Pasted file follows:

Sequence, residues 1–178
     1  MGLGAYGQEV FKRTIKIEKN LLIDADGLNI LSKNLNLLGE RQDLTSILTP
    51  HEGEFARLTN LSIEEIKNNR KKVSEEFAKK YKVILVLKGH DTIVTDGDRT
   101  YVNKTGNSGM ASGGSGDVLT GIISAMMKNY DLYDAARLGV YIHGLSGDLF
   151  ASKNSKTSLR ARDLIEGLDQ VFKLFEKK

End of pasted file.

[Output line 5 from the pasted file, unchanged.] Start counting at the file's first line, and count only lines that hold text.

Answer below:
   151  ASKNSKTSLR ARDLIEGLDQ VFKLFEKK